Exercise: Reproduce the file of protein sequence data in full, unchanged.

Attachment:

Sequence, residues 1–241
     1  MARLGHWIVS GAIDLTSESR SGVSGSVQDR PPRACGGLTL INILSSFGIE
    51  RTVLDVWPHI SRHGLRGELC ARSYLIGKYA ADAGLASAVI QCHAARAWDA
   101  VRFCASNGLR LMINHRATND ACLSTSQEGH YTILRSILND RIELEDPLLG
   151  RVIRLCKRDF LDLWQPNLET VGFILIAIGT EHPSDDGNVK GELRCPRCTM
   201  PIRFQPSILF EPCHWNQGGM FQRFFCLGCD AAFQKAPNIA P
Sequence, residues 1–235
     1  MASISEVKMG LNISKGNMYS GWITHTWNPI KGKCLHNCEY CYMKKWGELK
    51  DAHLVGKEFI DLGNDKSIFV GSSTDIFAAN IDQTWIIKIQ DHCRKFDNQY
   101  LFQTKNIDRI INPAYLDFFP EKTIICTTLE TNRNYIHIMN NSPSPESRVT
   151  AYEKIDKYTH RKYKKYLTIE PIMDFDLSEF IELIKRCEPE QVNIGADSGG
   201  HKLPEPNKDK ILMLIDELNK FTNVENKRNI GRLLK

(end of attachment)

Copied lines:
Sequence, residues 1–241
     1  MARLGHWIVS GAIDLTSESR SGVSGSVQDR PPRACGGLTL INILSSFGIE
    51  RTVLDVWPHI SRHGLRGELC ARSYLIGKYA ADAGLASAVI QCHAARAWDA
   101  VRFCASNGLR LMINHRATND ACLSTSQEGH YTILRSILND RIELEDPLLG
   151  RVIRLCKRDF LDLWQPNLET VGFILIAIGT EHPSDDGNVK GELRCPRCTM
   201  PIRFQPSILF EPCHWNQGGM FQRFFCLGCD AAFQKAPNIA P
Sequence, residues 1–235
     1  MASISEVKMG LNISKGNMYS GWITHTWNPI KGKCLHNCEY CYMKKWGELK
    51  DAHLVGKEFI DLGNDKSIFV GSSTDIFAAN IDQTWIIKIQ DHCRKFDNQY
   101  LFQTKNIDRI INPAYLDFFP EKTIICTTLE TNRNYIHIMN NSPSPESRVT
   151  AYEKIDKYTH RKYKKYLTIE PIMDFDLSEF IELIKRCEPE QVNIGADSGG
   201  HKLPEPNKDK ILMLIDELNK FTNVENKRNI GRLLK